Brooklyn >Food & Dining > Lunetta
116 Smith St, Brooklyn, NY | Directions 1120140.687819 -73.990062
Sun-Thurs 5:30-10 pm, Fri-Sat 5:30-11 pm
Neighborhoods: Boerum Hill
excellent! – beautiful atmosphere, helpful and knowledgable service people. the flavors in the food were spot on: interesting and a great variety without being overwhelming. the only issue i had was how small the portions were for the price, but outstanding food nonetheless.
Not that great – Service was inattentive; I kept having to flag down the waitress. The plates are definitely on the small side, but the prices didn't really reflect that. I left the place still hungry.
Pretty Good – Lunetta does not take reservations for small parties which can be frustrating when its snowing outside and the bar is full, however the hostess was very nice. We were given the option to sit at the bar but it looked busy and uncomfortable so we decided to wait. Once seated, we enjoyed the bruschetta appetizers as well as the fried artichokes. I thought the meatballs were fantastic, but my boyfriends peene with rosemary braised lamb was luke warm and a little bland. Would try again, but not wait for more than 10 minutes.
"Boxed Pasta" and "Smooth Dudes" aside, Lunetta is a great neighborhood spot! – As a quick note, maybe the chef, a longtime Brooklyn guy who is down-to-earth, nice, and real, was angry to have someone so obviously stuck-up at his bar...
Also, De cecco dry pasta is great stuff. Whats the problem? I guarentee that many a New York restaurant uses it. Also, Lunetta does not pose to be "Fine DIning". This is a self-described neighborhood joint with nothing on the menu priced above $19, most items much cheaper. Huge, delicious bruschettas go for $3 each! Your dollar can go a long way here, and the kitchen is staffed with some longtime cooks. I hate to get personal here, but if you are going to pose as a restaurant critic Smoothdude, get your facts straight and take a deep breath every now and then.
Boxed grocey store pasta is not my idea of fine dining – When you see the kitchen staff using boxed pasta that you can buy at the Met down the street you wonder why would I pay 5 times as much for this food when I can boil it myself at home. I don't know if other restaurants do this but if they do they shouldn't have an open kitchen.
The pumpkin ravioli was decent but didn't move me to tears. The chef is also not the friendliest of people which again begs an answer to the question why the open kitchen if you're going to be yelling at people? Never going back to Lunetta.
Too much hype – I was quite excited with grand expectations going into this meal, as I had read about chef Shepard?s talent in Michael Ruhlman?s lastest cooking tome ?The Reach Of The Chef.? Unfortunately, the meal was disappointing. Per a web suggestion (note: lots of great reviews floating around, this is just my experience) I ordered all around the menu. The bruschetta nibble, consisting of homemade ricotta and honey, was light and plated beautifully. The meal was off to a good start. Next was pan-seared mushrooms and a special milk-braised (or soaked, don?t know what to call it) parsnips with an infusion bl*od orange. The mushrooms were fine and served at perfect temp. Not great seasoning though. The parsnips were good for a bite, but overall the milk was too heavy for the delicate vegetable. But honestly, the meal was going well at this point.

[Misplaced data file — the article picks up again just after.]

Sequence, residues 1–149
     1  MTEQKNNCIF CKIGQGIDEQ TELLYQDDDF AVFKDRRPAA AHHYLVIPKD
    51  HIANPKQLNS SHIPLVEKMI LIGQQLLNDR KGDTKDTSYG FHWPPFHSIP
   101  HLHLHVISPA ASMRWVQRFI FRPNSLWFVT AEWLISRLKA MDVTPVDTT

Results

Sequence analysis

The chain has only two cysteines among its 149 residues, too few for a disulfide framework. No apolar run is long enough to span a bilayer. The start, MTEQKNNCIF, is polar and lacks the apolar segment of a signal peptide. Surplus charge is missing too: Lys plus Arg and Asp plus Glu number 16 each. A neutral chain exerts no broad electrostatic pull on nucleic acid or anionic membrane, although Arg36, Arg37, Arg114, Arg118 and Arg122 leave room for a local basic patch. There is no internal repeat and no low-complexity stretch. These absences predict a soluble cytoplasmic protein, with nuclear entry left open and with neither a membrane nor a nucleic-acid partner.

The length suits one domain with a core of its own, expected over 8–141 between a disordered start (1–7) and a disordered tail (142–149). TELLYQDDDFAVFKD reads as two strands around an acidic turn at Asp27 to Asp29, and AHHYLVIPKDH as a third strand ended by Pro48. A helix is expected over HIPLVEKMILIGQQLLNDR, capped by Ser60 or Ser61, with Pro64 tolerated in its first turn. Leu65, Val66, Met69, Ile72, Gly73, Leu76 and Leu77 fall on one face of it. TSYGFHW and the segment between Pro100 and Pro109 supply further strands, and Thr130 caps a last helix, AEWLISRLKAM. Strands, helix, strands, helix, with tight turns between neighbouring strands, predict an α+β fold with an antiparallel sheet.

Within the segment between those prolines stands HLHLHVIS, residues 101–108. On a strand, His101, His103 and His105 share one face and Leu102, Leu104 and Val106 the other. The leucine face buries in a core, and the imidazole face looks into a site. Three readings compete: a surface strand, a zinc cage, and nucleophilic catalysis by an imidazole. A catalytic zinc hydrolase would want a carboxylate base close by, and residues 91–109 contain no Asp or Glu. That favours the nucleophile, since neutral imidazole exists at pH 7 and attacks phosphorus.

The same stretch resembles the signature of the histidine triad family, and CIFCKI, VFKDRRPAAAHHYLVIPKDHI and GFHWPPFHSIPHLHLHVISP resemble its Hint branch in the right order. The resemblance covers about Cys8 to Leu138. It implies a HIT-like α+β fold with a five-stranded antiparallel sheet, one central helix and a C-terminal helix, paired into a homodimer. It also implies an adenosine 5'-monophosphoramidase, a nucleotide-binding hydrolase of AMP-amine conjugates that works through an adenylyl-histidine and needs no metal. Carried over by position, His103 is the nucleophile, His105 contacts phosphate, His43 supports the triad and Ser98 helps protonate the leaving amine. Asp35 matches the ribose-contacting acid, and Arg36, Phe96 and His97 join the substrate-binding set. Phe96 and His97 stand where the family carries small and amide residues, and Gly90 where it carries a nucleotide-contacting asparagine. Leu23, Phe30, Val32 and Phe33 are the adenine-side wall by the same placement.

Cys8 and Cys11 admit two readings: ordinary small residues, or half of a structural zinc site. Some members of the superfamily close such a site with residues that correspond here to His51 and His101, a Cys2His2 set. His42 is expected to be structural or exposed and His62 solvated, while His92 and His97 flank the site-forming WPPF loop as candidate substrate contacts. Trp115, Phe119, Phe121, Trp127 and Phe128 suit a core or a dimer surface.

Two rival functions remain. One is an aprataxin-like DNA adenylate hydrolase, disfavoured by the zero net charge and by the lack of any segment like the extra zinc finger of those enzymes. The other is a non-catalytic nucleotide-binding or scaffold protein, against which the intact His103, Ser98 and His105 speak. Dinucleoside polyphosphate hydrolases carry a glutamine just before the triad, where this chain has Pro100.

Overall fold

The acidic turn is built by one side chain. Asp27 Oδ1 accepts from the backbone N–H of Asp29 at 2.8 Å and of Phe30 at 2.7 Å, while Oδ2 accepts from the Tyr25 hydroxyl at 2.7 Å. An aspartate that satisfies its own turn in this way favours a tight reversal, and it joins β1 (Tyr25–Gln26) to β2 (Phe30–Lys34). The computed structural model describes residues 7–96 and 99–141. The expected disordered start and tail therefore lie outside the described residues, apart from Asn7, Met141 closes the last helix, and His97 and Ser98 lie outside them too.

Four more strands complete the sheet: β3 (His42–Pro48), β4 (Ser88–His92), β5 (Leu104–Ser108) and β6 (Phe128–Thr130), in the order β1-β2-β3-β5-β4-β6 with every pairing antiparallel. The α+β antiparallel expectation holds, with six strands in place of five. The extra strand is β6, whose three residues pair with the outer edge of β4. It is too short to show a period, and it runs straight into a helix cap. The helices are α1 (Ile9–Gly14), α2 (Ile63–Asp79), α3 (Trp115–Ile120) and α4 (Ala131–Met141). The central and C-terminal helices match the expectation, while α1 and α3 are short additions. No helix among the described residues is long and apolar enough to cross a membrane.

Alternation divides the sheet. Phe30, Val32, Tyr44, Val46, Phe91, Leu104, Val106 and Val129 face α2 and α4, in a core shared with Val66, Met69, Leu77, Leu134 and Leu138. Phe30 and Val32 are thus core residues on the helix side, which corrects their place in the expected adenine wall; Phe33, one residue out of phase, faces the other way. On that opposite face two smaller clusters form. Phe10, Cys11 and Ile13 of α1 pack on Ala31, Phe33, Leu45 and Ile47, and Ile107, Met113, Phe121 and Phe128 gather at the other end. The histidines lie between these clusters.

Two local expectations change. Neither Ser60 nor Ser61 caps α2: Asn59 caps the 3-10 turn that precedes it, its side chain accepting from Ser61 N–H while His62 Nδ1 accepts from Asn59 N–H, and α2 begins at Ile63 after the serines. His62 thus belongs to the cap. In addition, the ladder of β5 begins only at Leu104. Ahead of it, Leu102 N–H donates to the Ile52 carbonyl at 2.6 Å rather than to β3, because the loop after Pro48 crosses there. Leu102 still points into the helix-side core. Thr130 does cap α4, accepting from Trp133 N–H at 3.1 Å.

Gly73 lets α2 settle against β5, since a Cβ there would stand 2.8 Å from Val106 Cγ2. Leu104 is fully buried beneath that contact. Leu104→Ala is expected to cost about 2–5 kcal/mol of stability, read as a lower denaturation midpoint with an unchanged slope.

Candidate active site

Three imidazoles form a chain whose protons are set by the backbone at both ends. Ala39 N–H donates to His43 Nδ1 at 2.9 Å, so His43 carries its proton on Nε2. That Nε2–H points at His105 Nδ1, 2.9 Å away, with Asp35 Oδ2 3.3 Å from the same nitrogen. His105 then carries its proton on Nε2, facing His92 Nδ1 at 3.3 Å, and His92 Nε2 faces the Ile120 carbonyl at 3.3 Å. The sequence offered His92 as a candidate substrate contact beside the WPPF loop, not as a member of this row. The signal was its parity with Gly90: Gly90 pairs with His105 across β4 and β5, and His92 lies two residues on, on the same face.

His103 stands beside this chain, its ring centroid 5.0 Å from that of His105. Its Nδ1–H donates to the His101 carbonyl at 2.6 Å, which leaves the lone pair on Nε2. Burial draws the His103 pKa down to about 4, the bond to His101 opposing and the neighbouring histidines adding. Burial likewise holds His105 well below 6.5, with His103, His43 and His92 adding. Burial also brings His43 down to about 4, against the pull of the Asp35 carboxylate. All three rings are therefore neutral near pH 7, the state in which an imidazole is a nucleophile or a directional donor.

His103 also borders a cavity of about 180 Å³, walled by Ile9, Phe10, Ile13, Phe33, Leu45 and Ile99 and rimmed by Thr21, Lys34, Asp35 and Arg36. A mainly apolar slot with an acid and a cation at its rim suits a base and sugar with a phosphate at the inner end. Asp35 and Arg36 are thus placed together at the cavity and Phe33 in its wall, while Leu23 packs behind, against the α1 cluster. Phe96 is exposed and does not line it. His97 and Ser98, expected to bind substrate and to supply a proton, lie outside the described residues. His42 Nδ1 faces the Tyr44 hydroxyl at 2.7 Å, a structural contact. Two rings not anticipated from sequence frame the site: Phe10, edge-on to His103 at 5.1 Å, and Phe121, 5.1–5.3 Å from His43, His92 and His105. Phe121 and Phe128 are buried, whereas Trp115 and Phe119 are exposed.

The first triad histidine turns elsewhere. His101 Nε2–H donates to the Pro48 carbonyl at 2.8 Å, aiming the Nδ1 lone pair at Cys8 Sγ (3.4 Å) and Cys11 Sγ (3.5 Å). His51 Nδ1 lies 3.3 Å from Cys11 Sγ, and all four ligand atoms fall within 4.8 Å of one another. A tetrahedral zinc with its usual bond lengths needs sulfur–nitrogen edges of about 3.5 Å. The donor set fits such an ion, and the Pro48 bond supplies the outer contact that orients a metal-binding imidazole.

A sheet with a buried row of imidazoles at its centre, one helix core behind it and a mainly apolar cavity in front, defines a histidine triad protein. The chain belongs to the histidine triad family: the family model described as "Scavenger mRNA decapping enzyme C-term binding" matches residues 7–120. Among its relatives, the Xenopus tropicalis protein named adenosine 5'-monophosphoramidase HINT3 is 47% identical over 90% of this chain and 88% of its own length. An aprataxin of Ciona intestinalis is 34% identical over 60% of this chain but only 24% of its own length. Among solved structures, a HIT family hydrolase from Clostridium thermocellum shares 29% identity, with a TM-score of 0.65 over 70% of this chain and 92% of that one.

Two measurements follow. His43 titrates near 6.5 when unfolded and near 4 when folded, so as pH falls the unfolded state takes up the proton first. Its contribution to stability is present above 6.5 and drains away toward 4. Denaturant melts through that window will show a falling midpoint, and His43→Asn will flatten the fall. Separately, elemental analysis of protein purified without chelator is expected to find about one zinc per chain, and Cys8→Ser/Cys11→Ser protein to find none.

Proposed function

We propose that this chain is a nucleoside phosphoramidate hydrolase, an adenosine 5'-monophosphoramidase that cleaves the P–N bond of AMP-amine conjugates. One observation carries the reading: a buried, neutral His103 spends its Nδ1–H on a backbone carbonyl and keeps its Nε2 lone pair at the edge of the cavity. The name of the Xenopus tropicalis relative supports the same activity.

Next came our second course called Piatti. Per another web suggestion I ordered the crispy chicken agrodolce (which is a kind of sweet and sour sauce similar to Chinese sweet and sour chicken) served with pignoli and some type of cooked berry. On paper this sounds like a seriously fun and inventive dish. The type of creativity Shepard is known for. Unfortunately, this was the meal?s tank. The ?crispy chicken? consisted of 4 pieces of VERY overcooked and underwhelming friend chicken. Kennedy?s Fried Chicken comes to mind. The sauce was sticky and sweet, but complemented the tough chicken poorly. My companion ordered roasted dorade with olive oil and garlic, which was tiny serving of underseasoned, underwhelming white fish.
In terms of service, the staff was very kind and asked my opinion of the meal (I told them basically this recap). The only low point was that they forgot our order of fried artichokes, which I was really looking forward to. I would brush this off as a simple ordering mistake, to be corrected during our next visit. Unfortunately, there will not be another visit.
Seasonal Italian small plates and an all-welcoming ambience send Smith Street diners over the moon. – The Scene
Starting with the window's cute moon logo, the owners of the former tenant, Taku, have effortlessly morphed their somewhat austere space into a more inviting Italian restaurant that blends in better with the neighborhood. The red leather banquettes, long stretch of bar seats and spacious garden fills up quickly with the usual Smith Street mix: yuppies on dates, weekly dining parents and the occasional gay couple.
In a neighborhood full of red-sauce Italian, seasonal small plates and mostly red-sauce-free pastas are a breath of fresh air. And La Lunetta's few sops to tradition--addictive, tender meatballs and penne with creamy house-made ricotta and tender lamb--hardly qualify as ordinary. Fennel and orange slices give perfectly cooked branzino gravity, and an extra order of the fresh, crusty bread makes a perfect sopping tool for the soul-warming broth left over from a decadent pork belly dish. Il Laboratorio sorbet adds a final burst of dazzling flavor.
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